Given the constant stream of anti-China propaganda (true or not), security and privacy concerns are likely top of mind for many when considering whether a Chinese smartphone will be their next purchase. However, there is, perhaps, an even more important – health-related – reason to think twice…
For most people nowadays, their smartphone is within arm’s reach 24 hours a day. It’s in their pocket while they’re at work, it’s in their hand on the train ride home and it’s on their bedside table as they go to sleep. And, as Statista’s Martin Armstrong notes, with this level of proximity and usage, many can’t quite shake the niggling feeling that they might be risking damage to themselves in the long run.
While conclusive longitudinal research on the effects of cell phone radiation is still hard to come by, for those looking to hedge their bets, this infographic shows the phones that emit the most radiation when held to the ear while calling.
The German Federal Office for Radiation Protection (Bundesamt für Strahlenschutz) has a comprehensive database of smartphones – new and old – and the level of radiation they emit.
The current smartphone creating the highest level of radiation is the Mi A1 from Chinese vendor Xiaomi. Another Chinese phone is in second place – the OnePlus 5T. In fact, the two companies are represented heavily in this list, with 8 of the top 16 handsets being made by one of them. Premium Apple phones such as the iPhone 7 and the recently released iPhone 8 are also here to be seen, though, as are the latest Pixel handsets from Google.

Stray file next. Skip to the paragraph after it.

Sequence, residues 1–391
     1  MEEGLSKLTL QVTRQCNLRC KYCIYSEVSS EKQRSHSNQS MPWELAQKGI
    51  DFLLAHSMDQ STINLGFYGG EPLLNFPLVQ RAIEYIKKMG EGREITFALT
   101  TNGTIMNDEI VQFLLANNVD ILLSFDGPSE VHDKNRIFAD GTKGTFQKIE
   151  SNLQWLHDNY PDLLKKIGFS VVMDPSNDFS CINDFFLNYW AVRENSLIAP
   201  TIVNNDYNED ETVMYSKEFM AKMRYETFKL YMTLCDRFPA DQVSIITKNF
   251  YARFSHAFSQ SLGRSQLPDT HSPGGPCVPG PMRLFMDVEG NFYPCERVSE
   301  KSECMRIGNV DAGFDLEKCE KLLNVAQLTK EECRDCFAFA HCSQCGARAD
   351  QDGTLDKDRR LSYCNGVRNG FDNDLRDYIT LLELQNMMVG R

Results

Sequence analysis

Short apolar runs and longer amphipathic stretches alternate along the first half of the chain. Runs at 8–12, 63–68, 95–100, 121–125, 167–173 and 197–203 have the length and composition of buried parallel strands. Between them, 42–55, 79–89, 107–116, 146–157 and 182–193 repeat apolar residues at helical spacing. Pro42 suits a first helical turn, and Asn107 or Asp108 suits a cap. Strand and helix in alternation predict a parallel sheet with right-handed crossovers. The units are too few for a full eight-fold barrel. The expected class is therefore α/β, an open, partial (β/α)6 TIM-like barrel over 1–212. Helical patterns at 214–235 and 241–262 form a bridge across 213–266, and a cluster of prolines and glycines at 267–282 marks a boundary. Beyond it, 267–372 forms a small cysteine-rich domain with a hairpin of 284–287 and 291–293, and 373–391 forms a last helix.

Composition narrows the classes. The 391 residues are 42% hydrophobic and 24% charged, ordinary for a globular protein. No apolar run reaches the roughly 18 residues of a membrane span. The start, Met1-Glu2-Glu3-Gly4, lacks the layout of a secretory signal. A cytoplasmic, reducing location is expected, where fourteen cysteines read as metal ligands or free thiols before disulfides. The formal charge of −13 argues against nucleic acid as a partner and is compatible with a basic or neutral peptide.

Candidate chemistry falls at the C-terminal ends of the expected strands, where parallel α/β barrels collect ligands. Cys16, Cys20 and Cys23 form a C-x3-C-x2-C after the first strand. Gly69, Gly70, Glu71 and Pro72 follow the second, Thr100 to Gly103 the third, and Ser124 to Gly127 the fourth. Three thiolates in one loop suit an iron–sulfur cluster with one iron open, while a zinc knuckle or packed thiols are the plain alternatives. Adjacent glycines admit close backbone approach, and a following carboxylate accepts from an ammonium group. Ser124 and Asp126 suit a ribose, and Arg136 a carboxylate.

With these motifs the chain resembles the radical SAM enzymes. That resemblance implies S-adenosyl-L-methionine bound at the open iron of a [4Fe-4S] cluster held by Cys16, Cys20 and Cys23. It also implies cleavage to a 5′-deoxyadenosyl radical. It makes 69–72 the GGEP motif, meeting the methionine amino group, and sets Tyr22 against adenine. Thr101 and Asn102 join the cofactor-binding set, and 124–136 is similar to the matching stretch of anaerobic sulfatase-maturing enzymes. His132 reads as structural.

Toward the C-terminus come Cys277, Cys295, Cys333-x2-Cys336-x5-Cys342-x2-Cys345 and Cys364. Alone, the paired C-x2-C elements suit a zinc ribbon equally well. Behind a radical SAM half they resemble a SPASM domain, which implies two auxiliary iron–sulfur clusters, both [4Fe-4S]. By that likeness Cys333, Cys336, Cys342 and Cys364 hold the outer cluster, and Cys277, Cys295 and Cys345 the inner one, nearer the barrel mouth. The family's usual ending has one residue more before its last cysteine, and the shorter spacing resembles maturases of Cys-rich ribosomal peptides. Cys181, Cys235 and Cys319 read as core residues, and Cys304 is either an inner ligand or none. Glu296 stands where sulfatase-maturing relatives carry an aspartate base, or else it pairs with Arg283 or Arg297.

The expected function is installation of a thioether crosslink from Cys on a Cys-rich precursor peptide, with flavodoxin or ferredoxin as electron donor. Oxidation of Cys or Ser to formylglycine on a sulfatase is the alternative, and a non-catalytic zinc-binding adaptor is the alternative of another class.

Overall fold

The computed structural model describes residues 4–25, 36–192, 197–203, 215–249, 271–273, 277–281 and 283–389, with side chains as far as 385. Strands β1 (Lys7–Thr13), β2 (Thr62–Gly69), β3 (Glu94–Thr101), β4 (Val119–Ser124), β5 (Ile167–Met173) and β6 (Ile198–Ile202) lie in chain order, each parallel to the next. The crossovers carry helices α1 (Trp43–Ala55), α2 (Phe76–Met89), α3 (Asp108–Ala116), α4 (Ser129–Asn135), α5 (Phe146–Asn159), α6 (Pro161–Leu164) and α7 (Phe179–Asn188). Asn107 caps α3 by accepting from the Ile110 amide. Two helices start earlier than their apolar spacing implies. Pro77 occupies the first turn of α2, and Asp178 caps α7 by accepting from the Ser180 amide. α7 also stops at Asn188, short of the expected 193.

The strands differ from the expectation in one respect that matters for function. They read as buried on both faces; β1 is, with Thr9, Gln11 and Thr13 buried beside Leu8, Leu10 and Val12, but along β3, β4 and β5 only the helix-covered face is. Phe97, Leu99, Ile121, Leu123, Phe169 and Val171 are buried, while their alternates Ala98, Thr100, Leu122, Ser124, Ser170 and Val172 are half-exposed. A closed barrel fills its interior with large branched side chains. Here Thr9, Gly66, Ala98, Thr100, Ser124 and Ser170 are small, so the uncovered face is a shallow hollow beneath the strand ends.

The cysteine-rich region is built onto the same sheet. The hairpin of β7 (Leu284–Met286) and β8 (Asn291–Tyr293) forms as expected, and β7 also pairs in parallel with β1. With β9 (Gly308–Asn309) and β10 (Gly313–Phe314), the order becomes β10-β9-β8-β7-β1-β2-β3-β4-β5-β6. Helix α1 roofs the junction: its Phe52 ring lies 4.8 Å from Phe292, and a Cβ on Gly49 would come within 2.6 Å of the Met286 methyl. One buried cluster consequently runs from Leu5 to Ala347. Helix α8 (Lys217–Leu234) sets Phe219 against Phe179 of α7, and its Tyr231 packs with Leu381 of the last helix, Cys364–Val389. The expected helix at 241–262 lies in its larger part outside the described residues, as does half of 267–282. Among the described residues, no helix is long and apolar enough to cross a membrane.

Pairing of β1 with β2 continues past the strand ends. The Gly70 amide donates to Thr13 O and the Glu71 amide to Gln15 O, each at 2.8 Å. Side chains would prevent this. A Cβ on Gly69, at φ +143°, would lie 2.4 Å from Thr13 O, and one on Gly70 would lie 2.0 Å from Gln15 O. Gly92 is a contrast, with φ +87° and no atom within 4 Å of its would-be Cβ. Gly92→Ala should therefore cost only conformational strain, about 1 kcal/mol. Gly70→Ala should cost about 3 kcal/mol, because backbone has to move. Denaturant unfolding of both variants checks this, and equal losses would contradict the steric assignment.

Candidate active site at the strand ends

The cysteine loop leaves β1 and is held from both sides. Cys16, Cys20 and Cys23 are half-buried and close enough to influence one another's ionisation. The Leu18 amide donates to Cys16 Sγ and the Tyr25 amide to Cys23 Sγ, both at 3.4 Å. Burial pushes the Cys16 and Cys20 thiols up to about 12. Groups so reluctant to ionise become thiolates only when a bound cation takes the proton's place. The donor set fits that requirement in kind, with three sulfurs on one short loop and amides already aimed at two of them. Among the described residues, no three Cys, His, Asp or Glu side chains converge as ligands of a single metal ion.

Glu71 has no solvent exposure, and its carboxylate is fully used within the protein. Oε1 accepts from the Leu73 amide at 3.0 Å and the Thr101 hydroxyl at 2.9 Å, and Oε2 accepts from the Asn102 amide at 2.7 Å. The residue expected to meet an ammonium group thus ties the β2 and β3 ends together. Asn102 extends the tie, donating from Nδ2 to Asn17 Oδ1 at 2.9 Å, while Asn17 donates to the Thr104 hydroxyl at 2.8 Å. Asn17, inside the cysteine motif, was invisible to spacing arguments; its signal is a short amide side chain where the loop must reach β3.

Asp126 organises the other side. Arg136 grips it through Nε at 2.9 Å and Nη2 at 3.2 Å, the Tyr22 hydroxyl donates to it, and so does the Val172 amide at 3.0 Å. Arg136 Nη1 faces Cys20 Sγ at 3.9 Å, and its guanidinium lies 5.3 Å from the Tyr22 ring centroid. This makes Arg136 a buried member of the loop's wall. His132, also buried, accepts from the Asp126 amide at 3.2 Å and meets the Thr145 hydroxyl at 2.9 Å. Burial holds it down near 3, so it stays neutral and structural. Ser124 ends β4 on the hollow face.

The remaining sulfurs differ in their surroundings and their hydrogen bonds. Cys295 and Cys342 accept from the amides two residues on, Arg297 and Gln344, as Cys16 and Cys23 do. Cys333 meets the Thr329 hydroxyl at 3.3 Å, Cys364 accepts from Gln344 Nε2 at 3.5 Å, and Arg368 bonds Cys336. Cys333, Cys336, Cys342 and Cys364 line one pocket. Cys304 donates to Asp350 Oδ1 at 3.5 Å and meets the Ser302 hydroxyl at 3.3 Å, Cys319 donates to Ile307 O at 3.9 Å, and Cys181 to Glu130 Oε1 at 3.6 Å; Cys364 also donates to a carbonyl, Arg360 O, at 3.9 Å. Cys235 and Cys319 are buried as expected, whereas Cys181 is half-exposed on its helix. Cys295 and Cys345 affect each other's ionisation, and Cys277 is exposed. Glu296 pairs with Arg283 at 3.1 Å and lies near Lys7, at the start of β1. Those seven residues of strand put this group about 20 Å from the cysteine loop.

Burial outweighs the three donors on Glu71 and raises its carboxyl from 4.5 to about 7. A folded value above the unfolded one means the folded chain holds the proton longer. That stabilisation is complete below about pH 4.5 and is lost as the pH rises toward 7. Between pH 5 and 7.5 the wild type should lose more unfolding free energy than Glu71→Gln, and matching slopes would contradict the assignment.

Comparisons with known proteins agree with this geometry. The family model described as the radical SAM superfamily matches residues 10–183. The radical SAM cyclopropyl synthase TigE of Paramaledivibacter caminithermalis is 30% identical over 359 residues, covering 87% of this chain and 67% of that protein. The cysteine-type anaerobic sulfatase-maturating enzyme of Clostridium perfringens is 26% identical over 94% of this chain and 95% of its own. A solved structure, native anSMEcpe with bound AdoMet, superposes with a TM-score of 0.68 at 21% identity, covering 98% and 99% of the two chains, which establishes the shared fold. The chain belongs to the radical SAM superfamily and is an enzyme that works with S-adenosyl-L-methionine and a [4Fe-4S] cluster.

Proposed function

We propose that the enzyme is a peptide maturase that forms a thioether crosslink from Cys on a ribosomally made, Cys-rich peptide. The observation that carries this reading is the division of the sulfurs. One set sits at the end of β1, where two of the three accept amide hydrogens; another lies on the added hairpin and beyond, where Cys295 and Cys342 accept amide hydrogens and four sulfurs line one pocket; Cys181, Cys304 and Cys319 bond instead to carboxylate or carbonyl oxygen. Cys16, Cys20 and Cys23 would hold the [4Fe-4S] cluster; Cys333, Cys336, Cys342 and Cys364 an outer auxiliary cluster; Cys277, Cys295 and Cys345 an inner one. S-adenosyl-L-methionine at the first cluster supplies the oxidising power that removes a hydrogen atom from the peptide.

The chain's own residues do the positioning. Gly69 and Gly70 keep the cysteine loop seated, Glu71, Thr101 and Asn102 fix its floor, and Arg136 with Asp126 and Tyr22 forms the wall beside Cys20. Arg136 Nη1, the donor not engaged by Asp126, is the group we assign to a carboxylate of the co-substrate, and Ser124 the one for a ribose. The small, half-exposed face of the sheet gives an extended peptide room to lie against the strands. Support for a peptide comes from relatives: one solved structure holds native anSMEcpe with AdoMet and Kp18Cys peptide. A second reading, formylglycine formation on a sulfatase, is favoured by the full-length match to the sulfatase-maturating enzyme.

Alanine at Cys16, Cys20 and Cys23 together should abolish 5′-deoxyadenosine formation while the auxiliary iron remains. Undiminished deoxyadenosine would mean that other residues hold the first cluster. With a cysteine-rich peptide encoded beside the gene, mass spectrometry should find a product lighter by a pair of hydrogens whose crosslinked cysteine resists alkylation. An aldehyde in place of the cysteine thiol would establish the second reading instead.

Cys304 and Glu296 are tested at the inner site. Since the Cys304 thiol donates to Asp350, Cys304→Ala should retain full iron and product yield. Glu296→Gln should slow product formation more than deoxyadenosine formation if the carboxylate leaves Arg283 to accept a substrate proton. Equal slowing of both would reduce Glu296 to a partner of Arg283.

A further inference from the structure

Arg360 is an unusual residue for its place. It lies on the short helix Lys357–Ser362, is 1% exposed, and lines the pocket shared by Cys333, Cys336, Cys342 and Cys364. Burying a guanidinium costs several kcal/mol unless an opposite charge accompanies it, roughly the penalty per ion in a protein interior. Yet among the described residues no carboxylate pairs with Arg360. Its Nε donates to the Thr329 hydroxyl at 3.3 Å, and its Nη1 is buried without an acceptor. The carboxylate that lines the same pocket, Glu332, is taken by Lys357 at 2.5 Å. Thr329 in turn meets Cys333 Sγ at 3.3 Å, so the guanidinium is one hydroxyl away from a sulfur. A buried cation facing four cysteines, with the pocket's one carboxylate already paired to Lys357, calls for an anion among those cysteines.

While there is no universal guideline for a ‘safe’ level of phone radiation, the German certification for environmental friendliness ‘Der Blaue Engel’ (Blue Angel) only certifies phones which have a specific absorption rate of less than 0.60 watts per kilogram. All of the phones featured here come in at more than double this benchmark.
To take a look at the other end of the scale, we also have a list of the phones emitting the least radiation…
You will find more infographics at Statista
“probably nothing”, right?
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